Potato (Solanum tuberosum) is an important and widespread crop in Bulgaria. A new disease was observed on a single potato plot (Plovdiv region) without a history of potato cultivation in the spring of 2011. Initially, single lower leaves wilted on recently emerged plants (approx. 15% incidence) with subsequent desiccation of the leaf margins. The wilting progressed over time and eventually the whole stem became desiccated. A blackleg-like necrosis was noticed at the stem base when symptomatic plants were uprooted. Most diseased stems remained green above ground but pith tissue was heavily macerated and some of the stems became hollow as the pith dried out. Mother tubers were partially or entirely macerated. In most cases, the decay was initiated from the stolon end. Bacterial strains were obtained from symptomatic stems and tubers by dilution plating on King's B medium. The strains produced indigoidin pigment and induced a hypersensitive response 24 h after infiltration into tobacco and Sedum hybridum leaves (2). The strains were identified as Dickeya spp. by the production of the PCR amplicon of the pectate lyase ADE gene cluster (3) and of the pectate lyase I gene (4). The partial sequence of the fliC PCR amplicon (1) of strain SB2589 (GenBank Accession No. KF442436) displayed 100% homology with four whole genome shotgun sequences of Dickeya dianthicola in GenBank. Pectinolytic activity was demonstrated by inoculation of surface disinfested potato tubers of cv. Kondor. Conical core tissue was removed at the apical end and 100 μl bacterial suspension (107 CFU in sterile 10 mM phosphate buffer) was deposited in the cavity. The cap was reattached to the tuber and immobilized by Parafilm. Positive control tubers were inoculated with D. dianthicola reference strain GBBC 2039 (LMG 25864) and negative control tubers were inoculated with sterile 10 mM phosphate buffer. All tubers were incubated for 48 h at 28°C under micro-aerobic conditions reducing the air pressure to 90 mb in a vacuum incubator. The D. dianthicola reference strain and Bulgarian strains produced maceration of tuber tissue. Maceration was not observed in the negative control tubers. Potato plants cv. Kondor were grown from minitubers in sandy soil in plastic nursery containers. The plants were inoculated by root drenching (one application of cell suspension at 109 CFU/liter) when the stems were 15 to 20 cm high (tuber initiation stage). Plants were incubated at 25 to 28°C with regular watering. Wilting symptoms developed within 10 days of inoculation, followed by necrosis of the pith. Strains obtained from the inoculated stems were confirmed as D. dianthicola as described above. Based on the disease symptoms, the cultural, molecular, and pathological features of the strains, we conclude that the disease was caused by D. dianthicola and to our knowledge this is the first report of the pathogen on potato in Bulgaria. Furthermore, this incident warrants further surveys of pectinolytic bacteria causing blackleg-like symptoms in potato crops in Bulgaria.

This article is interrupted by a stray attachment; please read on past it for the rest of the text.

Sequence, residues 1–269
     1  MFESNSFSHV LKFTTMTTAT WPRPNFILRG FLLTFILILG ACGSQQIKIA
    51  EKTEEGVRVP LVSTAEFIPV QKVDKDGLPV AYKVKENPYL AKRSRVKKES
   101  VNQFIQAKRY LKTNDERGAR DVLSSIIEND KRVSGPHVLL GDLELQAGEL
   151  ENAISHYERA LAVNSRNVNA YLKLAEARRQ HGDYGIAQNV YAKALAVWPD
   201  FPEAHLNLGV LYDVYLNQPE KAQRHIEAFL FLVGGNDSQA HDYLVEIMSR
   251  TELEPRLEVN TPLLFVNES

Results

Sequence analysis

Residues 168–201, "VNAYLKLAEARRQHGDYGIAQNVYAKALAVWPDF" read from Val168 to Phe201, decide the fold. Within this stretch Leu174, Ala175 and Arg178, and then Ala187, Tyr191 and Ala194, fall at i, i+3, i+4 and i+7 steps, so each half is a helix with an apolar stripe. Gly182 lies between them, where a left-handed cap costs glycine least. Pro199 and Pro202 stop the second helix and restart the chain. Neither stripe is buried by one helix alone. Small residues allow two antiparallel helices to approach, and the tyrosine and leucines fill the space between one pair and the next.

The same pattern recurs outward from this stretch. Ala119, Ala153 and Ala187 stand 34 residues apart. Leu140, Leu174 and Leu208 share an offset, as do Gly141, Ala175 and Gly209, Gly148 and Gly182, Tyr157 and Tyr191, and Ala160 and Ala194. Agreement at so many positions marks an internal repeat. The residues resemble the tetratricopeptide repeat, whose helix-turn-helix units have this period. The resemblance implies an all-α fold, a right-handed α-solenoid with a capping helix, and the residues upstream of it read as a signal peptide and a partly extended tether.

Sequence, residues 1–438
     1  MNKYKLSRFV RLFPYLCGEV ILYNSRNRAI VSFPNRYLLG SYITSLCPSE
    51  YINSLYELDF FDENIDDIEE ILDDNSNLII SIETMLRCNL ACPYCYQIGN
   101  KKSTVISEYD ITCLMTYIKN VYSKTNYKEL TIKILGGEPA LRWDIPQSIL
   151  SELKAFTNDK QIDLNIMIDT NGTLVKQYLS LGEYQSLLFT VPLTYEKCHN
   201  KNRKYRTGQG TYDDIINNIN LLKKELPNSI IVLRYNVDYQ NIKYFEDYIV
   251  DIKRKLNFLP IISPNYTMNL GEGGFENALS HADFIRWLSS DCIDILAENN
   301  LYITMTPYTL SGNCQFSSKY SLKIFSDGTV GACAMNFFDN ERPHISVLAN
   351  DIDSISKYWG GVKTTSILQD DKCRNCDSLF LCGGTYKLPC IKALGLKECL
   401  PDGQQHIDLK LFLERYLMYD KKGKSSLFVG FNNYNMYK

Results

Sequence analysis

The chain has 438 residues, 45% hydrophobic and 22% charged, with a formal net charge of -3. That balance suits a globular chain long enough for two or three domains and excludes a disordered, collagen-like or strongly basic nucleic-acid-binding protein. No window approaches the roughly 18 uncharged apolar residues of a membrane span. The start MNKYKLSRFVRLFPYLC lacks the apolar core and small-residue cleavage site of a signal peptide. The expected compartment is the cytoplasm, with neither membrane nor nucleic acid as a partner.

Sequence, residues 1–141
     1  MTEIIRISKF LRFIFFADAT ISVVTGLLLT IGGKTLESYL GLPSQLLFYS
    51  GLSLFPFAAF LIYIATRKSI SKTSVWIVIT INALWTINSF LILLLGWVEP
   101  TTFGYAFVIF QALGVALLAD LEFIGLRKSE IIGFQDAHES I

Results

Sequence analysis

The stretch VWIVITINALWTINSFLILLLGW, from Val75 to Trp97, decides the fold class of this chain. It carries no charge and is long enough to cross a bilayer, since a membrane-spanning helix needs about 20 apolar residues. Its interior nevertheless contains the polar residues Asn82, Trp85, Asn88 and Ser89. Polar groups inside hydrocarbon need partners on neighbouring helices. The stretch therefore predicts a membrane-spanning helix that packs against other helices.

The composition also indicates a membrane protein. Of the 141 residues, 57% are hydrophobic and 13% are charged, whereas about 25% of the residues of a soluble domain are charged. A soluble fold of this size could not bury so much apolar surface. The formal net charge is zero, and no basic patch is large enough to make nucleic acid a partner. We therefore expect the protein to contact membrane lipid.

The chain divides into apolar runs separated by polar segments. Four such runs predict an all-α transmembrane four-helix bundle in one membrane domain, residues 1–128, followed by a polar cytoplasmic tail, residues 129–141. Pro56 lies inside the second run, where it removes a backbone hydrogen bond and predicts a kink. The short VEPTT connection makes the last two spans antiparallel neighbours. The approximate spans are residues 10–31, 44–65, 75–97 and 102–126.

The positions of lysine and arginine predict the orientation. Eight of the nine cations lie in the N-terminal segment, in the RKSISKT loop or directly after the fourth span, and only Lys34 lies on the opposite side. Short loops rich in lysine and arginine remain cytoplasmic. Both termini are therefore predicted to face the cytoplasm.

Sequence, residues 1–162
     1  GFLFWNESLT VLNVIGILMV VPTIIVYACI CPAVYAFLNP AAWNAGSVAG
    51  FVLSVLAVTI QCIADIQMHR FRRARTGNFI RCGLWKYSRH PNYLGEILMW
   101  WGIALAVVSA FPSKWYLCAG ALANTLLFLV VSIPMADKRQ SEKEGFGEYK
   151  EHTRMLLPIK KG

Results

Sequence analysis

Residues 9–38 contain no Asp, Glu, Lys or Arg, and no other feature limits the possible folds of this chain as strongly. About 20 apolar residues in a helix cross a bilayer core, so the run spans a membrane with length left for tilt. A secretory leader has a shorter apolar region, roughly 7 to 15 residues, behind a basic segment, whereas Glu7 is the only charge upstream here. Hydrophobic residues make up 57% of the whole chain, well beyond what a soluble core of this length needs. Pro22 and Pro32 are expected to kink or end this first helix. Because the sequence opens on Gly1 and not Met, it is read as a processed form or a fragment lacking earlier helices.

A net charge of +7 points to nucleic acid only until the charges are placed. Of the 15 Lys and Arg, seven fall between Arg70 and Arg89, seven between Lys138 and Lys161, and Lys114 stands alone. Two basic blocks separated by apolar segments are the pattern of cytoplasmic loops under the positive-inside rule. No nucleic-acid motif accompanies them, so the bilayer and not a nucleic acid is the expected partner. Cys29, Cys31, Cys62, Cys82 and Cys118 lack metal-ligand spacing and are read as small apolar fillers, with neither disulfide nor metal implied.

References: (1) S. Diallo et al. Eur. J. Plant Pathol. 125:349, 2009. (2) Y-.A. Lee and C-.P. Yu. J. Microbiol. Methods 64:200, 2006. (3) A. Nassar et al. Appl. Environ. Microbiol. 62:2228, 1996. (4) J. Van Vaerenbergh et al. PLoS ONE 7(5):e35738, 2012.